Since national trends are the focus of much of the current discussion we decided to clarify confusion about those data first. Our methods can be applied to any level of analysis to address other concerns. Hopefully, the tools we have provided in our follow up article will help others do just that.

Extending Data

How exctly do you "extend data" without a model?  Even if you don't assume a mathematical model, you still have to decide how to extrapolate, right?  Am I missing something?

Drawing the Arrows

Stephen,  the semi-log plot turns exponential curves into straight lines.  When the most recent points are reasonably colinear, we can use those points to define a line.  If there is no change in the rate of the exponential growth, then the projection of that line into the future will provide reasonable predictions.  So, you could say the model is the process behavior in the recent past.  In the case of the curved projection in Figure 4, I explained that I transitioned from the current growth rate of the deaths to the growth rate shown by the confirmed cases.  (Looking back at the past, the deaths have had a growth rate that matched the growth rate of the confirmed cases about 5 to 7 days earlier.)  So here I used the demonstrated relationship betwen the two related curves to create a non-linear projection.  (Since then the data have fallen just under the curved projection.) 

So there is no explicit model, just the implicit model of letting the recent past predict the near future.  Clearly, in a dynamic situation such as an epidemic, we do not take these "predictions" as anything other than as a guide for deciding if we are getting better or worse.  They define a context to use in interpreting each new value as it comes along.

Effect of Covid-19 Testing Constraint

Has anyone looked at how the number of tests administered vs. the number of people infected might be "flattening the curve?" I heard a report this morning that labs are sitting idle because many hospitals don't have equipment to take sufficient samples. If the number of tests administered as a proportion of the overall cases is going down (relatively flat or declining), this could be artificially flattening the curve.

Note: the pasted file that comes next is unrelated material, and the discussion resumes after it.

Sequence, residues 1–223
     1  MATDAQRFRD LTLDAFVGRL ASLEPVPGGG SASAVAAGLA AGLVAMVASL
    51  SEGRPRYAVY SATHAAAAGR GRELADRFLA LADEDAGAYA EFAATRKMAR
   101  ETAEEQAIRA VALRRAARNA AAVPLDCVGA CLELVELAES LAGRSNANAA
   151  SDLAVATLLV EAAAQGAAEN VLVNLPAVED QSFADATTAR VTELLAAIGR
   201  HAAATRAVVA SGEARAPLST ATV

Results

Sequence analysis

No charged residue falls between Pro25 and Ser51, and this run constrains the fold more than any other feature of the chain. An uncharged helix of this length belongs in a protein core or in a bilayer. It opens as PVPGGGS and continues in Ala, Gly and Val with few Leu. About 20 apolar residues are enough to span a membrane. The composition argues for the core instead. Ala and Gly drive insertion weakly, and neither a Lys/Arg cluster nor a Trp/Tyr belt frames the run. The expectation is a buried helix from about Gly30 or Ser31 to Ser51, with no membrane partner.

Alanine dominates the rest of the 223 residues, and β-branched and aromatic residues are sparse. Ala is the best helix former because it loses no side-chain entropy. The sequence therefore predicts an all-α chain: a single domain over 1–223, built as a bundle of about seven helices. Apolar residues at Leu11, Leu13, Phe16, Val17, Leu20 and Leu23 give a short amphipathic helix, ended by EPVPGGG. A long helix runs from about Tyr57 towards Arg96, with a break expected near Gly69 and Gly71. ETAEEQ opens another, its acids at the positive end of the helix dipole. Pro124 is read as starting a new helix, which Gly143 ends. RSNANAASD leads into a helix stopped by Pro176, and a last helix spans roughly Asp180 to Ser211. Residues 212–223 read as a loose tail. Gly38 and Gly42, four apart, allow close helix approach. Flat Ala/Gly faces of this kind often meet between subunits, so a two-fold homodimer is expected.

For that matter, several factors other than actual changes in infection rate could be causing this flattening. The number of patients that can be seen in a day with the resources available, the number of tests that can be obtained or processed, and even changes in the screening criteria could each have this effect singly or in combination.

It boils down to the fundamental question “how robust is the measurement system that is being used?

Don't have equipment for samples?

In response to 

"I heard a report this morning that labs are sitting idle because many hospitals don't have equipment to take sufficient samples."

Due to recent travel across the US and having symptoms of shortness of breath and severe cough, my primary doctor decided to test me for COVID-19.  First, I was tested for Strep throat and traditional flu with a swab of my tongue and nostrils.  Then came the very uncomfortable COVID-19 test.  It was a swab to the very back of each nostril, which was mailed out to a lab.  It came back in a week, negative, fortunately.  

So, the only "equipment" needed is a Q-Tip type swab, followed by lab analysis of the swab.  

Allen

Douglas